Staining, waxes and oil finishes
Although staining timber is optional, applying a finish is essential to protect the wood’s integrity. Without a finish, wood can dry, crack and deteriorate or – if exposed to moisture – swell so that drawers and doors no longer work. A good finish prevents swelling and cracking, protects against stains and enhances the appearance of the wood.
Oiling offers good protection from dirt and permeates timber to bring out its natural characteristics and colours.
Timber oil is resistant to water and alcohol and can be used for interior and exterior purposes. It is particularly good for exterior fittings such as timber cladding, due to its ability to prevent damage from moisture. It contains little to zero quantities of pigments which works to preserve the colours. It also provides a natural finish and is easier to fix than many other methods, if necessary.
However, oil is not particularly durable as it needs to be reapplied periodically. First-time application is also quite difficult because coating needs to be done multiple times before full absorption.
The true oils — Linseed oil and tung oil, the drying oils most often used in finishing, are readily available and relatively inexpensive. These finishes are called true oils to distinguish them from other products hyped as oil finishes and to separate them from naturally nondrying or semidrying oils used in finishes, such as soybean oil. These true oils change from a liquid to a solid through polymerization, a process that strengthens the cured finish.
Wax is a translucent decorative finish often used for protection of timber and has the added advantage of dual uses: it can be used on its own or over the top of another finish.
It is easy to apply and provides a great aesthetic look. One major attribute of wax is heat-resistance, and it can be combined with oil to give formidable protection, which is especially useful for hot or sunny regions. Wax is ideal for indoor use when used alone.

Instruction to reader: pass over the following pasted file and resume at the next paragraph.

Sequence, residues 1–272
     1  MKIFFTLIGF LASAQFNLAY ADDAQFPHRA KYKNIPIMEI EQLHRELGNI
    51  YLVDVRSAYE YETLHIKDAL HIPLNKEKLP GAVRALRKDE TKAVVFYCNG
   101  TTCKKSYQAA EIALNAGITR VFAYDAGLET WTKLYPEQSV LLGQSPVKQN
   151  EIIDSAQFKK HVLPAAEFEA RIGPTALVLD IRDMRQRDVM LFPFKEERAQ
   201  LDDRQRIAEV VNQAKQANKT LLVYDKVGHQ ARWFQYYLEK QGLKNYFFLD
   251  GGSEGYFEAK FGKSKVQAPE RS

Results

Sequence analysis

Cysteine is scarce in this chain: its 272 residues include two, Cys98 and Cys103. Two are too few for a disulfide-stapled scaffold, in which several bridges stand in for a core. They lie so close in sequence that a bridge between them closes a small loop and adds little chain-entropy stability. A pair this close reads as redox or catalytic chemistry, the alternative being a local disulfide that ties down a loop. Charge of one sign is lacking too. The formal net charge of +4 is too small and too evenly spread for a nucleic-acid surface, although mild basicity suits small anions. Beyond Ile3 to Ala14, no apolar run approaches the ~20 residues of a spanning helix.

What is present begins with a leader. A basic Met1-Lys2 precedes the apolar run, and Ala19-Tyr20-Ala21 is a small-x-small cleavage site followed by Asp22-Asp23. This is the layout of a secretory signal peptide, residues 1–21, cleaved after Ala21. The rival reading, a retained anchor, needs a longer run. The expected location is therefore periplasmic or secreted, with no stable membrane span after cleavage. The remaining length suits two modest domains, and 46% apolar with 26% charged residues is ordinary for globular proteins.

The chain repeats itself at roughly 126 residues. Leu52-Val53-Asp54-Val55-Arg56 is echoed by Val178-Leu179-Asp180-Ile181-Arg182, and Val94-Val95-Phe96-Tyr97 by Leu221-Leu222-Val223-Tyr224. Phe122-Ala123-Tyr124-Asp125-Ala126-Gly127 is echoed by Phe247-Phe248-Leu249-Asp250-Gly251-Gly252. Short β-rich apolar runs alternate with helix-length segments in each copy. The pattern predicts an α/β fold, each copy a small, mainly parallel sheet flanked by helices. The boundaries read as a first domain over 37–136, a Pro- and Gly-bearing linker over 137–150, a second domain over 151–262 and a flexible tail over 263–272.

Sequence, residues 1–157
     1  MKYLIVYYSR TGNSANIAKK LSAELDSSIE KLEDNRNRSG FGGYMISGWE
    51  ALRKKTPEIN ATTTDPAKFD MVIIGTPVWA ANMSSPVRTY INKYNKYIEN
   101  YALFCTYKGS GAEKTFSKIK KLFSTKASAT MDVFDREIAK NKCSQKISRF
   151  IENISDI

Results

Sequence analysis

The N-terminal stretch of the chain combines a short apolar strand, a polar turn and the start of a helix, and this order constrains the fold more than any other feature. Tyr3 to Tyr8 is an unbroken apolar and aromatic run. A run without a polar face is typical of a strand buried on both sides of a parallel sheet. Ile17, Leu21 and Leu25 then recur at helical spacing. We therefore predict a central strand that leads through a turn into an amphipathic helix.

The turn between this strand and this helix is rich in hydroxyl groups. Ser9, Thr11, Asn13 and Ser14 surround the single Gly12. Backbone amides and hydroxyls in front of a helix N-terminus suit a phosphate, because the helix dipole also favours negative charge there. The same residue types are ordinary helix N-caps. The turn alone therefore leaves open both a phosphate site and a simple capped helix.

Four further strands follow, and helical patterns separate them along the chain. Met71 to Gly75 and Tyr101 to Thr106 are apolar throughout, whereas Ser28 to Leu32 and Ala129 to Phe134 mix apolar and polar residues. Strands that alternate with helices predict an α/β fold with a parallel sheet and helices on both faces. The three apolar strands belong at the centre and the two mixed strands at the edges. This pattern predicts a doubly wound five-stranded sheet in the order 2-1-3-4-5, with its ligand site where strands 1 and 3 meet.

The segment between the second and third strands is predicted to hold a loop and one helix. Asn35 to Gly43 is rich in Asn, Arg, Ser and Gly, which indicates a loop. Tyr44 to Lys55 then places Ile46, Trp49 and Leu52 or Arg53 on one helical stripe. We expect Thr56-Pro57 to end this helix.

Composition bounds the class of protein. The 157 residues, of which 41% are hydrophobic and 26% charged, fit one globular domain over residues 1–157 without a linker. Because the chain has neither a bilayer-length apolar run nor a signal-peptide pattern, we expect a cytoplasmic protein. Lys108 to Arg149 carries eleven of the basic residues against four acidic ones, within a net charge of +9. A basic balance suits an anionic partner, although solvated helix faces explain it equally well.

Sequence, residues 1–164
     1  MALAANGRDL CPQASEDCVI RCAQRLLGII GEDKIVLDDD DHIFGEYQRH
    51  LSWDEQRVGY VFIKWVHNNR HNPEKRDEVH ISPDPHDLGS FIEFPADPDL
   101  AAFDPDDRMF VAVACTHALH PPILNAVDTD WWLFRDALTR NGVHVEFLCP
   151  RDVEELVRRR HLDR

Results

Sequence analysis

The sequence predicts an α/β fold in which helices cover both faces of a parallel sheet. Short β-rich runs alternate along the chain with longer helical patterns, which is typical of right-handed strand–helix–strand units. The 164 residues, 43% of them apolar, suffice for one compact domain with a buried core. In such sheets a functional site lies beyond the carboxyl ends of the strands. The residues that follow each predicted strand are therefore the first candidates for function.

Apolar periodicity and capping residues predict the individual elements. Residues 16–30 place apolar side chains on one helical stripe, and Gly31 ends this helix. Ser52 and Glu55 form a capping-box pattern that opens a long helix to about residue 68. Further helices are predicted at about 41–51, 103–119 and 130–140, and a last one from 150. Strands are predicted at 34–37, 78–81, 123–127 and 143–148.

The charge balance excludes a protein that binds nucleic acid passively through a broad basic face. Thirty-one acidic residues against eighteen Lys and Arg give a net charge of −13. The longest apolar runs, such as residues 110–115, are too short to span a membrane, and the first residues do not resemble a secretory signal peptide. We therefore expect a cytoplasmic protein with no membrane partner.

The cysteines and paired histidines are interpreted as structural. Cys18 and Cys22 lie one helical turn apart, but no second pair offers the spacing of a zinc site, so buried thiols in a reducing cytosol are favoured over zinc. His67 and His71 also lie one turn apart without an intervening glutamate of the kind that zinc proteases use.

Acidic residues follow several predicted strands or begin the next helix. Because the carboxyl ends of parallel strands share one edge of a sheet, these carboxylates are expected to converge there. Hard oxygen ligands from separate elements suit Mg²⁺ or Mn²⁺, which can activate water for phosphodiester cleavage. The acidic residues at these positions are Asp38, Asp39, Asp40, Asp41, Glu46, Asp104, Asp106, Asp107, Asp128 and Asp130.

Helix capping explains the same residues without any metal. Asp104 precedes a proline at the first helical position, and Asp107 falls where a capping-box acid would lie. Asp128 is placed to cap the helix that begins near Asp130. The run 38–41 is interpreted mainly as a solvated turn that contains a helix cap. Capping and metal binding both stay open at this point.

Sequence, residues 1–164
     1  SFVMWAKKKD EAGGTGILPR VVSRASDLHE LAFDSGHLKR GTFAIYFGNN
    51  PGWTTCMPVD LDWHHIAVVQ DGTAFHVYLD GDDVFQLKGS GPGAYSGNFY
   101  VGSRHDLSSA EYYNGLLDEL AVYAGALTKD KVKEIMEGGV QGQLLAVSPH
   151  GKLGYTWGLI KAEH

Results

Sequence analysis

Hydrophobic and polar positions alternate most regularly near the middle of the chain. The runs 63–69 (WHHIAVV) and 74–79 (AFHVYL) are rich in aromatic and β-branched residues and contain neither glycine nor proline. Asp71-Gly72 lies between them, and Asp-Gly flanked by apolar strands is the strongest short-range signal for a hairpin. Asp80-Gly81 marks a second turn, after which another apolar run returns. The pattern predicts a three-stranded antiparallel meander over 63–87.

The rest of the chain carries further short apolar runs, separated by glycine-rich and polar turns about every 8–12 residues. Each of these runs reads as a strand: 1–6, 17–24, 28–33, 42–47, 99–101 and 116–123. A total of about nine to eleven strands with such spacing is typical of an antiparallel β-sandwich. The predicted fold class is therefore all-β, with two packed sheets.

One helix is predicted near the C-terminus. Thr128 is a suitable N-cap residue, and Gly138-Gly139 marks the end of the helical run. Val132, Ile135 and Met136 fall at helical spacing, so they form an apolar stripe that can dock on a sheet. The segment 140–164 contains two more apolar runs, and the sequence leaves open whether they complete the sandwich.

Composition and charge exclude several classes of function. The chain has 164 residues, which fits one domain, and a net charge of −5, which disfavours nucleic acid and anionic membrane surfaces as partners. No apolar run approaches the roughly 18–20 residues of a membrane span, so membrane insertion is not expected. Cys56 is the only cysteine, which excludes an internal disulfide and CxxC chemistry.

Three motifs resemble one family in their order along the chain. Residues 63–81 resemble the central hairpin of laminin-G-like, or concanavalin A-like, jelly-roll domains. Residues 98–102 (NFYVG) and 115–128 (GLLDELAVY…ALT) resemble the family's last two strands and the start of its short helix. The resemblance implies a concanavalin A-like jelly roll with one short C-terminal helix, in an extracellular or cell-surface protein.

Lacquer is a thin, highly durable finish that provides terrific protection against dirt, water, and many other substances. It dries very fast, meaning a shorter coating time. It is most usually sprayed, which means you will have to hire or buy a spray system. It’s easy to repair when damaged. Timber should be appropriately sanded and cleaned immediately before lacquer application.
Nitrocellulose lacquer is the most common. If the label on the can says lacquer, it’s most likely nitrocellulose, which is made from an alkyd and nitrocellulose resin dissolved and then mixed with solvents that evaporate quickly. This type of lacquer has moderate water resistance
Shellac is a resin made from lac bugs and is one of the easiest finishes to apply. Just like lacquer, it dries quickly and can be applied by brushing or spraying. It polishes well and is quite durable. Shellac is also easy to fix when damaged.
Varnish is made of tough and durable synthetic resins that have been modified with drying oils. Labels on cans of varnish will list resins such as alkyd, phenolic and urethane, and the oils used are tung and linseed, as well as other semidrying oils such as soybean and safflower. Varnish cures by the same process as true oils — polymerization — but the resins make this finish more durable than oil. In fact, oil-based varnish is the most durable finish that can be easily applied by the average woodworker. Varnish surpasses most other finishes in its resistance to water, heat, solvents and other chemicals.
Water-based finish contains some of the same ingredients as varnish and lacquer — notably urethane, alkyd and acrylic — but many flammable and polluting ingredients have been replaced with water. The chemistry in this product is complex. Because the resins don’t have a natural affinity for water, they must be chemically modified or forced to combine with water.
Water-based finish is usually made with either an acrylic resin (sold as water-based lacquer) or an acrylic urethane mixture (sold as water-based polyurethane). As with varnish, the addition of the urethane makes the resin tougher and more scratch resistant, but water-based urethane does not have the same solvent and heat resistance as its oil-based counterpart.